Image Via Writing.com

5. Writing.com

Writing.com is a writing community full of useful tools, resources, community support, and motivation for writers of all skill levels. Members of the group will get access to the community newsfeed, contests, activities, rewards, and recognitions. If you’re looking for a place to share your work and get feedback, or to read others’ work and offer your own feedback, this is the place for you.

 

Writing.com also offers members their own portfolio on the website. Members can list up to ten items on their portfolio for free, and they can set their portfolio to public (if they want) for other members to offer their comments and constructive criticism. Within Writing.com, you can find groups for a variety of different types of writing, including poetry, short stories, prose, essays, fiction, non-fiction, and more. You can also find all sorts of genres, pretty much anything you could ever think of. In addition to that, they have some introductory classes to different genres for beginning writers who want to get a feel for the genre. And as if all that wasn’t enough, Writing.com also offers lots of resources about publishing, copyright, literary agents, marketing, and editing. Go check this out!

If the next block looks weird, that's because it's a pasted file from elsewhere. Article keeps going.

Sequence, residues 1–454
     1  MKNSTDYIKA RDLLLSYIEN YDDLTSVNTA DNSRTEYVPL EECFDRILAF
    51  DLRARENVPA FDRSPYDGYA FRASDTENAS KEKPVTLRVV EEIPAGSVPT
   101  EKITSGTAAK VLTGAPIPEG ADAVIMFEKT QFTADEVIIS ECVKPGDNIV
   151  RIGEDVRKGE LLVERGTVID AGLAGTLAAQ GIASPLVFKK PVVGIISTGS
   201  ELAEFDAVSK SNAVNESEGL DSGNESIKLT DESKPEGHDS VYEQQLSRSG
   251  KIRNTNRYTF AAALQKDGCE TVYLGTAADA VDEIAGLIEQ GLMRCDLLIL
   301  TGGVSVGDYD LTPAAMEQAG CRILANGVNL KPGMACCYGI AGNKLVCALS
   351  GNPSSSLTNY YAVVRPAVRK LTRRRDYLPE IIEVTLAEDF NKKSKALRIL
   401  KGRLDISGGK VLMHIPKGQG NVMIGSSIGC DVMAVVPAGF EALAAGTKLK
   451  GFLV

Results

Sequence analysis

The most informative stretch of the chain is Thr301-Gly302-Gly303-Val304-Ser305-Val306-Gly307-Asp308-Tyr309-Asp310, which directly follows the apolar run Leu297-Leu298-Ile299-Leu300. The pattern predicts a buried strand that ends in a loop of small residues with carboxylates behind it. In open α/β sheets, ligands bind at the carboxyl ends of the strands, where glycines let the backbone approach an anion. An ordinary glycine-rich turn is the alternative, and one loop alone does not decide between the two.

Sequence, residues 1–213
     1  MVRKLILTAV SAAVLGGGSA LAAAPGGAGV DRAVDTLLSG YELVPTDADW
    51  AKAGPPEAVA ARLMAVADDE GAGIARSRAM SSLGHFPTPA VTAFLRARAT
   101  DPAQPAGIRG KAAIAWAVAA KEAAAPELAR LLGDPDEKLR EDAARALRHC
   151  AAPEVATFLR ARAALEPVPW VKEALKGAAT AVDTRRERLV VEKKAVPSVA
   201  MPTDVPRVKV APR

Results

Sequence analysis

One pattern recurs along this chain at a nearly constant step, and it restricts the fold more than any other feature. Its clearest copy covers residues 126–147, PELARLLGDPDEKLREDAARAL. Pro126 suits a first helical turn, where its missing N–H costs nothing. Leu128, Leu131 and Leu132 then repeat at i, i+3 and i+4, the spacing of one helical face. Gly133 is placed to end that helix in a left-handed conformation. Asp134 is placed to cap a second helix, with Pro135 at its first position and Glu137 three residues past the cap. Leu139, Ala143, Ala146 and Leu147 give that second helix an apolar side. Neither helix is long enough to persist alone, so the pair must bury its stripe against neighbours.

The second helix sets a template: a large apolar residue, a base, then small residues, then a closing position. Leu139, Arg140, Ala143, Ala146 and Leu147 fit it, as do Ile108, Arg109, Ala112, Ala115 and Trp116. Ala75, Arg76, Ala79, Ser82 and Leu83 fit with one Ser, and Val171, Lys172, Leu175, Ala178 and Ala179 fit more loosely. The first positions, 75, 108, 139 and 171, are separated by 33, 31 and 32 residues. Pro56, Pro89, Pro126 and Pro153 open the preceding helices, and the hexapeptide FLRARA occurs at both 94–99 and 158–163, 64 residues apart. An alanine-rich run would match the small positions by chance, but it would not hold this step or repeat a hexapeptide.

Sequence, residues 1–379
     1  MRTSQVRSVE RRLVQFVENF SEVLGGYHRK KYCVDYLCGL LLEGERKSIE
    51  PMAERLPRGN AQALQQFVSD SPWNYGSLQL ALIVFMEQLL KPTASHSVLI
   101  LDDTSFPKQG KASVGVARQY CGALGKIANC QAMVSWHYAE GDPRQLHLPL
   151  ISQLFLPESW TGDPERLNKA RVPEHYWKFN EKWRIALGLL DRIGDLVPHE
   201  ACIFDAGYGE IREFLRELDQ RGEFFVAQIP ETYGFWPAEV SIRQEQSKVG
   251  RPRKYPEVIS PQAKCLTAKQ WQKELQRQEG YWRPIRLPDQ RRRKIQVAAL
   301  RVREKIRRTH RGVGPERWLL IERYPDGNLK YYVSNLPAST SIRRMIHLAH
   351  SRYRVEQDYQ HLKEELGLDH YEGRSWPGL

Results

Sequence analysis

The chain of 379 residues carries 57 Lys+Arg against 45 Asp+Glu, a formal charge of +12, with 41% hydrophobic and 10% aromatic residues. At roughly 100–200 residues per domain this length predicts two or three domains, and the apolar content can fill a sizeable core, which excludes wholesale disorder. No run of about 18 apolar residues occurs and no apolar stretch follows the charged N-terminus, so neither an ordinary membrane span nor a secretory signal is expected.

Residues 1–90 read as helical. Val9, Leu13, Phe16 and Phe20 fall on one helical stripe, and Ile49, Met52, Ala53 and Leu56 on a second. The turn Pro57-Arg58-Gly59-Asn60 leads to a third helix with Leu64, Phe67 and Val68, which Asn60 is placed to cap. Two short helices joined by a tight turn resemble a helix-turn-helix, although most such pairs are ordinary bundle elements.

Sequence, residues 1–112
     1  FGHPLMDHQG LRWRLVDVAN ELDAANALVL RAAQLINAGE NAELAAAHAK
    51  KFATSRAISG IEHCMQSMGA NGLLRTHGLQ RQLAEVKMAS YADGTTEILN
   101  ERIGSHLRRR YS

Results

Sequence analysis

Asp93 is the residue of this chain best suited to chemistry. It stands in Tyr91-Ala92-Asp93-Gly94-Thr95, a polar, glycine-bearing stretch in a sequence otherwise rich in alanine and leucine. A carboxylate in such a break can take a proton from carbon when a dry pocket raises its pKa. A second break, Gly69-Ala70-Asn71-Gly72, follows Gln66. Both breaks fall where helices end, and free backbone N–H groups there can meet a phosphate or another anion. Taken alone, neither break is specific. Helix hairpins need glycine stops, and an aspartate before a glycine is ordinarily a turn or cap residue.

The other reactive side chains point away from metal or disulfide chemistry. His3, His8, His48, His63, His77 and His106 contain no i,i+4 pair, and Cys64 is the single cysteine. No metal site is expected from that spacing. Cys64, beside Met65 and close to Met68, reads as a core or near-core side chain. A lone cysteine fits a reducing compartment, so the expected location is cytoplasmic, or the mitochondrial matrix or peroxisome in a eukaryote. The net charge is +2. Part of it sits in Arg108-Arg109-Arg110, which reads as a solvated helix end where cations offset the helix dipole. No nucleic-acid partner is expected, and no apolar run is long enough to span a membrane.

Writing can be a lonely and thankless endeavor, with days spent staring at blank screens with blank minds. But, thankfully, these groups of writers have come together not only to commiserate with the trials and tribulations of this craft, but also to celebrate and enjoy the rewarding nature of it. And if you’re struggling from lack of motivation, lack of inspiration, lack of encouragement, take a look at these writing communities. You can find someone going who is going, or has gone, through the same obstacles, and you can learn new ways and ideas that work for you. Or, if you’re looking for a community that will read your hard work and offer helpful and constructive feedback, one of these might be for you. So give them a shot!

Featured Image Via Move to Tacoma